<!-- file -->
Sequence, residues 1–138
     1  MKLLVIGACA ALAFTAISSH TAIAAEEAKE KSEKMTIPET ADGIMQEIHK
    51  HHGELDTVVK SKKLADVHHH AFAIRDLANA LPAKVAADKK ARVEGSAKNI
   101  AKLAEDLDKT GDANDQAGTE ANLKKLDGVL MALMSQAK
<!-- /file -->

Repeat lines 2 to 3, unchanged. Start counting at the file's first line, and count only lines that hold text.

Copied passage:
     1  MKLLVIGACA ALAFTAISSH TAIAAEEAKE KSEKMTIPET ADGIMQEIHK
    51  HHGELDTVVK SKKLADVHHH AFAIRDLANA LPAKVAADKK ARVEGSAKNI